NS: Jason Giambi. Yes, he’s still walking and occasionally hitting homers, but it’s tough to be anything close to a productive player when you’re not even hitting .200 and have no range on defense. On the plus side, at least his injury made room for Tommy Everidge.

JK: This season, I suppose the most disappointing player has to be the Rangers’ Chris Davis. This looked like it was going to be Davis’s break-out season, but after striking out at an astonishing rate and refusing to hit at even a respectable clip, he’s been replaced at first base.

3. Who will win the division?

BR: Boy that’s a tough one. It depends on what the Rangers and Angels do at the deadline. If the Angels get Halladay or Lee they can sit on their lead the rest of the way. If the Rangers can find an impact bat and get going offensively the Angels are in trouble. Either way this race is destined to come down to the last week of September.

GC: Honestly, I just don’t see anyone beating the Angels. They’re surging right now, and they’re doing it without Torii or Vlad. I’d prefer to see the M’s or the Rangers take it, but the M’s just don’t have the offense, and the Rangers just don’t have the pitching to stay in it.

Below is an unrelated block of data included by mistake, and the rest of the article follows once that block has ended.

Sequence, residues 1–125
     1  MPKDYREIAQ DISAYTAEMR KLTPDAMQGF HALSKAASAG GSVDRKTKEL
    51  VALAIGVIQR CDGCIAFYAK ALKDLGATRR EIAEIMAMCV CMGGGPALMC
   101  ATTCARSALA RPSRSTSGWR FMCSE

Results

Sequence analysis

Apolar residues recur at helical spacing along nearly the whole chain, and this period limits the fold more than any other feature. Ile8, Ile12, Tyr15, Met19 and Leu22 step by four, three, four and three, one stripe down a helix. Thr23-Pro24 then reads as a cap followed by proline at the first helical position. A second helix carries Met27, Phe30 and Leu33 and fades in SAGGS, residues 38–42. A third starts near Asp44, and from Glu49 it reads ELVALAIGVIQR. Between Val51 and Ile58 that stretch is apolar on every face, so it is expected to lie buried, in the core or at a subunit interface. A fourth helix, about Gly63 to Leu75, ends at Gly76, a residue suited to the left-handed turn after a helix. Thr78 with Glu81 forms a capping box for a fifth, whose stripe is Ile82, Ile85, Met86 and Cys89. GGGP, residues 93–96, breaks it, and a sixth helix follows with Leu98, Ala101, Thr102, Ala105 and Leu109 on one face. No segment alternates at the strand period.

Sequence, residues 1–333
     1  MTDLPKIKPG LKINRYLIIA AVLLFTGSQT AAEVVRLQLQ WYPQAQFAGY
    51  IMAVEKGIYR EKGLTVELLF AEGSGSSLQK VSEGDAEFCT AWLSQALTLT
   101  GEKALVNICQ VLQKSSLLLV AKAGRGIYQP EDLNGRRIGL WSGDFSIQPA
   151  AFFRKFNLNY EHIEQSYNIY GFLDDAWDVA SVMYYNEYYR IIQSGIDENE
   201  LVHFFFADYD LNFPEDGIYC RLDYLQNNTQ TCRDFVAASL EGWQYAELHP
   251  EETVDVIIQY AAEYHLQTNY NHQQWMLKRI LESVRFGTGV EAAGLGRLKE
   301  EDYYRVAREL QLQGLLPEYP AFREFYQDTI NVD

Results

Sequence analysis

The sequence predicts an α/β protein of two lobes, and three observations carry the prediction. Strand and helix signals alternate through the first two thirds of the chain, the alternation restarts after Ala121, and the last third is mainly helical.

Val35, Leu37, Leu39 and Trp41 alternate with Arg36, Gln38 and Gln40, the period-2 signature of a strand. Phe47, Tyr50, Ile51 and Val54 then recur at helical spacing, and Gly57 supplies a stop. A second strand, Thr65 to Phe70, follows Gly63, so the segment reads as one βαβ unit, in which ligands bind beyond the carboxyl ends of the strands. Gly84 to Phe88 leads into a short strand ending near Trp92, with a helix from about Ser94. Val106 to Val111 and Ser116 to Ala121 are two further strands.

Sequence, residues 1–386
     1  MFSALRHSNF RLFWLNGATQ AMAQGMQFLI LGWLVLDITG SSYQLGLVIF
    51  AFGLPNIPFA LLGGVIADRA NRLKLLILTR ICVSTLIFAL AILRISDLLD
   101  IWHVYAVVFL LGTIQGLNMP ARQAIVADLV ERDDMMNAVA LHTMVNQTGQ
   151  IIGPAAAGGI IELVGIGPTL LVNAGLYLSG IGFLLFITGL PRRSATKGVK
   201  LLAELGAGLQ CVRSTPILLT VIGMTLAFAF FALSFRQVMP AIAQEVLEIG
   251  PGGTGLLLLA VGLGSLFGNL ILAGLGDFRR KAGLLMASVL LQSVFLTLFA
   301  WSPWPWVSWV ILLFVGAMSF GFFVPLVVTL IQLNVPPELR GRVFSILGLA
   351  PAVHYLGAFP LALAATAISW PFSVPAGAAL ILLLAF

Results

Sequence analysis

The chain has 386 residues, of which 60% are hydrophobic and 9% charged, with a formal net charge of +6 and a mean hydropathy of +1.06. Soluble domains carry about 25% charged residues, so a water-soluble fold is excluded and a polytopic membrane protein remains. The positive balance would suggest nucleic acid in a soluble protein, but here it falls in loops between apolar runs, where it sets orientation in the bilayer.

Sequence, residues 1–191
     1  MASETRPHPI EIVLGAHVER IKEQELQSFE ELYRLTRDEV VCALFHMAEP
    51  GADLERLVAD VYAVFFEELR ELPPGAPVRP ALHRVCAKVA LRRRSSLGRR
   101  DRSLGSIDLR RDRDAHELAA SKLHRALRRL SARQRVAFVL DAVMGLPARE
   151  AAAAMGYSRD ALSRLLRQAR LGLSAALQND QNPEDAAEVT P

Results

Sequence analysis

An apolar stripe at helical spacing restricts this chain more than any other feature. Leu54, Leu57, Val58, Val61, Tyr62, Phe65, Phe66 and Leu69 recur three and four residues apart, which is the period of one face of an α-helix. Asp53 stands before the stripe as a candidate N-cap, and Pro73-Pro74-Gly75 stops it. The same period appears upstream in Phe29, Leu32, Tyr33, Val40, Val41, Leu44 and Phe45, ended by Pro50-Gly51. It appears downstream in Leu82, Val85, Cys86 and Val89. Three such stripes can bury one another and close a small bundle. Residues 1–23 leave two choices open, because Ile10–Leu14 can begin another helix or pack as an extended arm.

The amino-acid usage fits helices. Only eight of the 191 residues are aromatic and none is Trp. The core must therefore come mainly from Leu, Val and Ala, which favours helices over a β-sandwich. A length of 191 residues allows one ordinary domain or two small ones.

NS: The Angels. It comes down to pitching, and the Rangers just can’t find it. Until they prove they can find some quality starters, Texas won’t be winning the division.

JK: It’s tough to say at this point. Being the Angels fanatic that I am, I have to believe that if we can bring in some support for either the starting rotation or bullpen or both, L.A. of A. has the best shot. But Texas just won’t go away, so this should be a close race that comes down to the wire.

4. Is Seattle pretending or contending?

BR: What a difference a week makes in the game of baseball. If you had asked me last week I would have said contender, but they’ve fallen 7.5 games back and just lost Bedard for a couple of weeks at least. A big series with the Rangers this weekend can pull them back into the race, but 7.5 games behind the Angels going into August may be too big of a hole.